Pablo Picasso’s Picador

Pablo Picasso’s Picador

Over many years now, the Friends have raised funds to support a special gifting programme to Te Papa. Gifts have taken a range of forms, from individual works of artistic or cultural significance to a unique lectern designed specifically for Te Papa’s Marae. In 2015 fundraising has focused on the purchase of Pablo Picasso’s Picador, an earthenware jug with painted and glazed decoration, produced in 1952.

Just as other major artists of the 20th century such as Braque, Dufy and Leger became interested in ceramics, so too did Picasso (1881-1973). The plasticity and sensuality of clay offered him further potential for working in the three-dimensional form beyond sculpture.

Picasso’s first visit to Vallauris on the French Riviera in 1946 sparked the beginning of an enduring collaboration at Madoura, the pottery workshop owned by Suzanne and Georges Ramie. The arrangement of making and selling was to last until about 1971. Initially Picasso’s work was translated by a select group from the workshop, including Dominique Sassi; otherwise Picasso was to complete the works. Sassi was to later say of Picasso ‘no matter how experimental he got, he always seemed to have a clear idea in his mind of the final result’. Works were produced in editions – Picador is one of 500. It was a means by which Picasso was able to ensure that there was some sort of affordability in a market where his work fetched huge prices. With the deaths of the Ramies in the mid 1970s, A Catalogue of the Edited Ceramic Works 1947-1971 by son Alain was produced and has remained the sole identifier of ceramics by Picasso from Madoura. Picador is identified as catalogue number 162.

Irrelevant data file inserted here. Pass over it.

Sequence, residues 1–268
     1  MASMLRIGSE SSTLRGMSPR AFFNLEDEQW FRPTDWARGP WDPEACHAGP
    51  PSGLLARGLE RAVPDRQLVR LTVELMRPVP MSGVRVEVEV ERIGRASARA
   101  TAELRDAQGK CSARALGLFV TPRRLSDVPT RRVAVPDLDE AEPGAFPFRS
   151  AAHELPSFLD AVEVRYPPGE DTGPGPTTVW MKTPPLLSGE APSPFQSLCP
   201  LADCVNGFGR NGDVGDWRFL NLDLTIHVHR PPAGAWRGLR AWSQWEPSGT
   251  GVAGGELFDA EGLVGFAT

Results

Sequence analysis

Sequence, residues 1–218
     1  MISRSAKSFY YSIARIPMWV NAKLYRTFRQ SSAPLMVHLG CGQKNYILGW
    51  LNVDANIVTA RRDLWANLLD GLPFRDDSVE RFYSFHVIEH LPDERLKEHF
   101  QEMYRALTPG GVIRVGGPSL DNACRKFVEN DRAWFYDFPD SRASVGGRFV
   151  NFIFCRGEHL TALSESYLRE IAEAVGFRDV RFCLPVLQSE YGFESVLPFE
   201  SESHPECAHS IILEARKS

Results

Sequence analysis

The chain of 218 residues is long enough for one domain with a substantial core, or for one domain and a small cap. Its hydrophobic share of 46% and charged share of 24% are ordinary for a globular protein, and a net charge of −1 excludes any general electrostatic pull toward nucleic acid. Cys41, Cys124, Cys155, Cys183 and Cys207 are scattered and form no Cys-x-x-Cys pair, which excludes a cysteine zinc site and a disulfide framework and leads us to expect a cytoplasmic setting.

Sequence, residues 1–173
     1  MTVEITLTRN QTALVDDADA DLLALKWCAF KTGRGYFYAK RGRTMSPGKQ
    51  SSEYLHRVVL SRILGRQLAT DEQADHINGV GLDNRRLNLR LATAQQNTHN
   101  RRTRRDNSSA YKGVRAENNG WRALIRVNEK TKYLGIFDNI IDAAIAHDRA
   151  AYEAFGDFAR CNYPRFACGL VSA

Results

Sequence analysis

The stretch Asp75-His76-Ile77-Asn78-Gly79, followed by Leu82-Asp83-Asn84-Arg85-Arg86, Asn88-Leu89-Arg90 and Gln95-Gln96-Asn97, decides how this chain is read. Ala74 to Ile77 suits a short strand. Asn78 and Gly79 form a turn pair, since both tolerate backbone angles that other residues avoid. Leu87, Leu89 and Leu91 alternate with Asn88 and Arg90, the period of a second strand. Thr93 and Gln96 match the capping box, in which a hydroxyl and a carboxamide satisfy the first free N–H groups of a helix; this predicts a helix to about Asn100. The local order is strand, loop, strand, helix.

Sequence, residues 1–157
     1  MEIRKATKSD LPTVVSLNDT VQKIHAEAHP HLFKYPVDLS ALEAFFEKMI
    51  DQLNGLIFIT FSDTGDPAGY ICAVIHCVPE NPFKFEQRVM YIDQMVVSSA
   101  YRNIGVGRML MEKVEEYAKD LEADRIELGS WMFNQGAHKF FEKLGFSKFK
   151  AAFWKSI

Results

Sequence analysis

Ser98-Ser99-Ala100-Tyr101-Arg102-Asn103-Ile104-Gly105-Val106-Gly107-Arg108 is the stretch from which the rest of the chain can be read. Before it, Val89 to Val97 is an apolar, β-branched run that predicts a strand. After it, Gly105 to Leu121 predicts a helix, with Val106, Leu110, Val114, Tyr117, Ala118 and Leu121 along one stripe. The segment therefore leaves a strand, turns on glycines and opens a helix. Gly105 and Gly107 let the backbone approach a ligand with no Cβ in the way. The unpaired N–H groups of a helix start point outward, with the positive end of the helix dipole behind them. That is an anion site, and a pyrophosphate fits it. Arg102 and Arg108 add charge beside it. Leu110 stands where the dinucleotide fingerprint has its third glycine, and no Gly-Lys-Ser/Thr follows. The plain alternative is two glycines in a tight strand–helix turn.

Reminiscent of Picasso’s love of the Spanish bullfight, Picador depicts the final moments of the fight where the lance is about to pierce the bull. As an artist, Picasso utilises all elements of the jug’s form: the lance motif wraps around the handle, while the bull is depicted in red against the black-glazed background of the jug’s body. Picasso draws on ancient Greek red-figure pottery, one of the most important figurative styles of Greek vase painting. But the narrative has moved forward from Greek myth to the contemporary subject of the Spanish bull fight. Picasso was to continue to work with the bull fight imagery in flat plates, large and small.

Picador complements other works by Picasso held at Te Papa – an etching and two lithographs. It also offers another side of his practice – one that connects to Te Papa’s Greek pottery collection and the red-figure tradition. By this kind of acquisition, we see how ideas can be drawn from the past and connect to more contemporary times.

Adapted from an article by:

Justine Olsen
Curator of Decorative art and design